Sunday, 4 May 2008

Mac App Store

Last month, we published some speculation from MacPredictions reader Doug Best on the rumored forthcoming iPhone updates. His prediction of the introduction of a range of iPods with a thicker 3G model have subsequently been corroborated by a number of reliable rumor websites, so it seems like Doug is in the zone at the moment. Here below is another prediction from Doug - a logical and strategically sound idea for Apple to introduce an App Store for Mac along the same lines as the planned App Store for iPhone.

"The upcoming App Store for the iPhone is already seeing incredible interest, not only from developers large and small, but users eager to consume its goods, and investors watching to see how it unfolds; US venture capital firm Kliener Perkins Caufield & Byers, in fact, has unveiled a $100 million iPhone fund for developers. An incredibly rich ecosystem of software for Apple portable devices could be on the horizon.

An easy to access, easy to use online store for buying mobile software, where an individual developer's $5.95 application could theoretically get the same exposure as a Fortune 500 company - it's a model currently non-existent (despite efforts) for the Windows Mobile or RIM world. Could the App Store be the killer app for iPhone?

Apple thinks so. And so does Kleiner Perkins. And anyone who mulls it over for any period of time will probably come to the same conclusion. But what about an App Store for the desktop Macs?

Say what? An App Store for my iMac, Mac Pro, MacBook or Mac Mini? But I can already go to a brick and mortar and buy a box with a CD in it, or order it from Amazon, or often purchase and download directly from the distributor. What can Apple do to make it better?

Alot, Apple thinks. Let's talk through it:

They can bring all those titles together under one roof, make finding and buying them easier and prettier and more enjoyable then ever with Apple's legendary ease of use and interface expertise.

This also creates an incredible opportunity for smaller developers to get the kind of exposure they could only dream of otherwise; the public will find a wealth of software titles they may otherwise have never heard of; the OS X software universe continues to get bigger and better, everyone is happy.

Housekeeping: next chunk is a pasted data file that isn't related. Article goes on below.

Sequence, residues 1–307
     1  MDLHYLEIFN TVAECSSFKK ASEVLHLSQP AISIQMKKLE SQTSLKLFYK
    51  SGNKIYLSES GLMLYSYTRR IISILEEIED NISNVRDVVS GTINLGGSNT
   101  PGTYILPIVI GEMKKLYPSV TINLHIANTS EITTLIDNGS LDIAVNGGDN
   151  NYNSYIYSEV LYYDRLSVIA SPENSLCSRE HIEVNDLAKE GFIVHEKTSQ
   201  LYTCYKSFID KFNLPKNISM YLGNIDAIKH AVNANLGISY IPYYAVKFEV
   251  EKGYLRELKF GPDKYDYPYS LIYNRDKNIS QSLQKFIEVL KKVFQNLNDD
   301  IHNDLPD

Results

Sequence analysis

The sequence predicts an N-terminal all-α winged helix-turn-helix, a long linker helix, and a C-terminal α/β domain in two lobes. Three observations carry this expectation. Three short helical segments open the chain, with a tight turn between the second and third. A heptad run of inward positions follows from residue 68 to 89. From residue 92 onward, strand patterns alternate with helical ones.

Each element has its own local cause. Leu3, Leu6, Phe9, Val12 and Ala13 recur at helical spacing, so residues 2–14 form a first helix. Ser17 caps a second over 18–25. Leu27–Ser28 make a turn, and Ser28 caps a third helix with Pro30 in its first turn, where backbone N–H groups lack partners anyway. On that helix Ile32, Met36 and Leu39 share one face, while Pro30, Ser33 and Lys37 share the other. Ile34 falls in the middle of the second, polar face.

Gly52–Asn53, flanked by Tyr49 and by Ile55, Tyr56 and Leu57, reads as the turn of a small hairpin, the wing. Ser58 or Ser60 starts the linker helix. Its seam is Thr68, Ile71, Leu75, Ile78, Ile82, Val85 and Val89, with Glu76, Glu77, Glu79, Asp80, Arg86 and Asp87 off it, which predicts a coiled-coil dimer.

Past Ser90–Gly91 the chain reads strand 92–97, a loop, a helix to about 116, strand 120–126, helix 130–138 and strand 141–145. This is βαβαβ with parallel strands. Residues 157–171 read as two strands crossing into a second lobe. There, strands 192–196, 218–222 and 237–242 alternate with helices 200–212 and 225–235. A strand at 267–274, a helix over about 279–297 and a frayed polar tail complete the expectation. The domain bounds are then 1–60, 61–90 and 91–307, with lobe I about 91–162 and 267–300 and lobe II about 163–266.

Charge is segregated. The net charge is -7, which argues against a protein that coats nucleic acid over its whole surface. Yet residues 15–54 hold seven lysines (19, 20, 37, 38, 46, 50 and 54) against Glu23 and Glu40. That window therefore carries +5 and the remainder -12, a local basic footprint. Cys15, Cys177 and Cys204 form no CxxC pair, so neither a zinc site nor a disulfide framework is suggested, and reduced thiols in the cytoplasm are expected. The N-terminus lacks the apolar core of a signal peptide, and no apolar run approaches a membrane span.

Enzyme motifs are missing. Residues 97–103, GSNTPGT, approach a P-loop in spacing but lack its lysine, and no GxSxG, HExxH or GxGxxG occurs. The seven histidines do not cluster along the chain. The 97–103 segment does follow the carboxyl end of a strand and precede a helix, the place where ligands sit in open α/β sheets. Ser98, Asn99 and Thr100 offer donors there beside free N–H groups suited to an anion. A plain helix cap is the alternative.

Imagine being able to instantly search, browse, purchase and download almost any Mac software title out there. Of course, larger titles like games or Adobe CS3 may take hours to download, but Apple is planning on an option for those who don't want to wait or don't have broadband - make the purchase in App Store, go into an Apple Store (brick and mortar) and have it burned on disc right there and pick it up. In fact, from your iPhone/iPod Touch you could purchase half a dozen titles totaling several gigabytes, and then pick them up on DVD from an Apple Store. Or just browse the App Store from within an Apple Store while visiting and have it burned on disc to take with you. Secure mirrored servers will make it possible.

The savings in boxes, paper, and printing should make Greenpeace happy. And since Apple takes a small slice of eery sale, it's a handsome revenue generator for them.

Also, App Store can store purchase info and registration/serial numbers, and notify when updates are available. Buy a new iMac or have your laptop stolen. No problem, log onto App Store with your new Mac and re-download and install all your purchases.

Apple is also striving to make the online shopping experience more user-friendly. Imagine being able to "see" people online looking at the same products, and then ask them what they think or have they used it before, etc. Its a totally interactive shopping experience.

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